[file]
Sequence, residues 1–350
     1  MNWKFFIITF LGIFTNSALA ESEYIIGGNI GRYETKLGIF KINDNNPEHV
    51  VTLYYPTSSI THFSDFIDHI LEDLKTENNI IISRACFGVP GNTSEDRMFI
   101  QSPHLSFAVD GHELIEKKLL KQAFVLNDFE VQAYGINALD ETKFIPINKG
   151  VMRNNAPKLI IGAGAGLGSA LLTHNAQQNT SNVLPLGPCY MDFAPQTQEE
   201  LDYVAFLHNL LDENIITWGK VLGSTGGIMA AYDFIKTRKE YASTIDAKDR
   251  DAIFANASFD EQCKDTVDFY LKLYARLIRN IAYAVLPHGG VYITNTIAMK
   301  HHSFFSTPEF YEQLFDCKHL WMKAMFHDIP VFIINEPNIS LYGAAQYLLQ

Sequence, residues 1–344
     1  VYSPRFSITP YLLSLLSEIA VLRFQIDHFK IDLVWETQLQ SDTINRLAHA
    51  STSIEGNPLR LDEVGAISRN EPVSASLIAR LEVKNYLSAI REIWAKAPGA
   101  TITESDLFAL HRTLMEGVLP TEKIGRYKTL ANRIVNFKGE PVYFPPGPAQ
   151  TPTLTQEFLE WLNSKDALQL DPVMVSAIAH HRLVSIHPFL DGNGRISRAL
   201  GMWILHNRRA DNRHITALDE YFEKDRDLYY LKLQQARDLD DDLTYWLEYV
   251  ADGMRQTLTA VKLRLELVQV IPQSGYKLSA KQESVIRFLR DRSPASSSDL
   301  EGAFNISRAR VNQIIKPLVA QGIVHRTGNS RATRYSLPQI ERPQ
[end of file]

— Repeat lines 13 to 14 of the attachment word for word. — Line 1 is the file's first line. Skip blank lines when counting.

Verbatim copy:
   151  TPTLTQEFLE WLNSKDALQL DPVMVSAIAH HRLVSIHPFL DGNGRISRAL
   201  GMWILHNRRA DNRHITALDE YFEKDRDLYY LKLQQARDLD DDLTYWLEYV